Left behind | SummitDaily.com

Left behind

Summit Daily/Brad Odekirk

BLUE RIVER – A beloved pet counts on its owner for many things – food, shelter, exercise, as well as a return on the companionship they provide. But something owners may not consider is the unexpected. Denver ICU nurse Josie McIlvennan’s three shepherd and malamute mixes were like family. She had taken care of the now- senior dogs since they were little. Always together, 12-year-old male T-Bone, 11-year-old female Too Shy and their offspring, 7-year-old Echo, were devastated when McIlvennan was tragically killed in a car accident in Golden early this year at the age of 44. The pets she had loved ended up in a Denver shelter and were scheduled for euthanization within only a few days.”It was definitely not what she would have wanted for them,” Karen Martiny, president of Animal Rescue of the Rockies said.

Thanks to the help of a determined friend who urgently called nearly 60 rescue organizations, the dogs were placed in a boarding kennel, with a week’s stay paid for by the Evergreen Animal Protection League. Although the animals were depressed and despondent from the trauma of losing their owner and from being separated from each other, they were alive. Animal Rescue of the Rockies – a local organization which works to establish a homelike sanctuary for pets while awaiting adoption – were also among the organizations called upon. Animal Rescue board members Christine and Arnie Surdyk have been fostering the three dogs at their Blue River home since their release from the boarding kennel. The dogs had kennel cough, tapeworms and showed signs of the stressful times at first, but according to Martiny, have recovered from the illnesses and are beginning to adjust to the new situation and regain their confidence. Animal Rescue is hoping to find a permanent home which will take in all three dogs.Planning for a pet’s care in case of an emergency or unexpected illness or death includes several options that will ensure a loved animal’s care. The first, according to Martiny, is for an owner to let friends or family know what their wishes are.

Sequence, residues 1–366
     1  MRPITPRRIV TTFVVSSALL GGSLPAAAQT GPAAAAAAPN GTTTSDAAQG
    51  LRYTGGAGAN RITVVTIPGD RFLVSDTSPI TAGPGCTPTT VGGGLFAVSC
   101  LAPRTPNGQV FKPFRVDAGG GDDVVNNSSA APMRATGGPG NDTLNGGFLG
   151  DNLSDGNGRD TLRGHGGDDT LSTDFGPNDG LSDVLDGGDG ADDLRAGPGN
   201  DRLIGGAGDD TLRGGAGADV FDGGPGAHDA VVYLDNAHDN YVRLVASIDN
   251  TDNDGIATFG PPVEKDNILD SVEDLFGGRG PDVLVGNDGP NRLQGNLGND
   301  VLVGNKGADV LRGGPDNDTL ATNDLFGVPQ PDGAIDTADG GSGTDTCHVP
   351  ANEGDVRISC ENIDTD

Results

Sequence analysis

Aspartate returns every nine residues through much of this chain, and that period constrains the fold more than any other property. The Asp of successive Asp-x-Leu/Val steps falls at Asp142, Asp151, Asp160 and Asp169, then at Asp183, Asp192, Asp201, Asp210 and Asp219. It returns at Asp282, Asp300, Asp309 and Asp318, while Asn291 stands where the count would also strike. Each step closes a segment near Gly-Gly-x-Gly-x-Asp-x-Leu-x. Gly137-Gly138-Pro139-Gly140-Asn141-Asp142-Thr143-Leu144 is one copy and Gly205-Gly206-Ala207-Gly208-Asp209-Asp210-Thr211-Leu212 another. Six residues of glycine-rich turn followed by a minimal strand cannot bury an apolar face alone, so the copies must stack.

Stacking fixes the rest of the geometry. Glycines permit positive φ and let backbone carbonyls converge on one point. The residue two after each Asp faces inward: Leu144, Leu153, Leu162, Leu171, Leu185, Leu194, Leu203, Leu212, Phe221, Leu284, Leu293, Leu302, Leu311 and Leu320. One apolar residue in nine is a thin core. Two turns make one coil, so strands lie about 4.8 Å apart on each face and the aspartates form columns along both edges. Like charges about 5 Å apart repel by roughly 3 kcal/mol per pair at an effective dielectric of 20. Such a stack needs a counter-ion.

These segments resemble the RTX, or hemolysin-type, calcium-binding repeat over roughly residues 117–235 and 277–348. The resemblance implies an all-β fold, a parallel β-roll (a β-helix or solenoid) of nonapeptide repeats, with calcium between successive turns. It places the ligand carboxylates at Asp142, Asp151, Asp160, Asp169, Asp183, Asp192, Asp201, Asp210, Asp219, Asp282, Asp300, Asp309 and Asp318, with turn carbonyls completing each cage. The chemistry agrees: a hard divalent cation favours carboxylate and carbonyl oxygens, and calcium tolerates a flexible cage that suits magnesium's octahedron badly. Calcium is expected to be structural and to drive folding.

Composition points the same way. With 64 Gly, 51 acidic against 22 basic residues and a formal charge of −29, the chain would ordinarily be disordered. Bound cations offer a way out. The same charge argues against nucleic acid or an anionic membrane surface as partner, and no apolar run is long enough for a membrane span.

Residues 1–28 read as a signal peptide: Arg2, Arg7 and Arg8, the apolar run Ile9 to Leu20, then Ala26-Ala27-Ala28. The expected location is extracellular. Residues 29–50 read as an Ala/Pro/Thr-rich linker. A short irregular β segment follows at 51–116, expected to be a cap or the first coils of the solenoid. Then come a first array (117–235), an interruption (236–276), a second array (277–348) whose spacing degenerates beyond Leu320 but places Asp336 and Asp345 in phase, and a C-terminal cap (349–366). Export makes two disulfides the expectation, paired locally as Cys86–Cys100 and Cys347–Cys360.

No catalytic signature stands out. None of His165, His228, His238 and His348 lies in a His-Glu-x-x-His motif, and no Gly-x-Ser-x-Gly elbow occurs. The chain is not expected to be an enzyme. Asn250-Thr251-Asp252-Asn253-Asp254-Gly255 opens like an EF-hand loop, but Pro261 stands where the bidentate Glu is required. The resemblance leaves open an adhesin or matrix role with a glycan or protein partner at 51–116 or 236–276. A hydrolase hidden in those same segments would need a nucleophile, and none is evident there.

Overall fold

“If you have someone that can take the animal, that’s ideal,” she said. And when choosing a guardian, the owner should consider their financial situation and possibly set aside money for care.There are also organizations which can offer lifetime, home-like care, which an owner can make arrangements through, like the Best Friends Animal Society out of Utah, the Stevenson Companion Animal Life Care Center in Texas, the Kentucky Home at Last Animal Sanctuary or the Grateful Acres Animal Sanctuary based in Michigan. Martiny recommended visiting and researching any sanctuary to ensure it will be able to provide a comfortable life for the individual pet and to make sure it’s legit.Martiny said another resource is the website http://www.petguardian.com. Pet Guardian Pet Trust Plans designates two caregivers and requires filling out an extensive application which includes veterinary and health information, a cost analysis to determine funding costs and emergency temporary housing contacts among other items which essentially records the history and profile of a pet.

To find out about fostering pets or more about the Breckenridge nonprofit Animal Rescue of the Rockies, visit http://www.animalrescueoftherockies.org.Leslie Brefeld can be reached at (970) 668-3998, ext. 13622, or lbrefeld@summitdaily.com.

Support Local Journalism

Support Local Journalism

As a Summit Daily News reader, you make our work possible.

Now more than ever, your financial support is critical to help us keep our communities informed about the evolving coronavirus pandemic and the impact it is having on our residents and businesses. Every contribution, no matter the size, will make a difference.

Your donation will be used exclusively to support quality, local journalism.


Start a dialogue, stay on topic and be civil.
If you don't follow the rules, your comment may be deleted.

User Legend: iconModerator iconTrusted User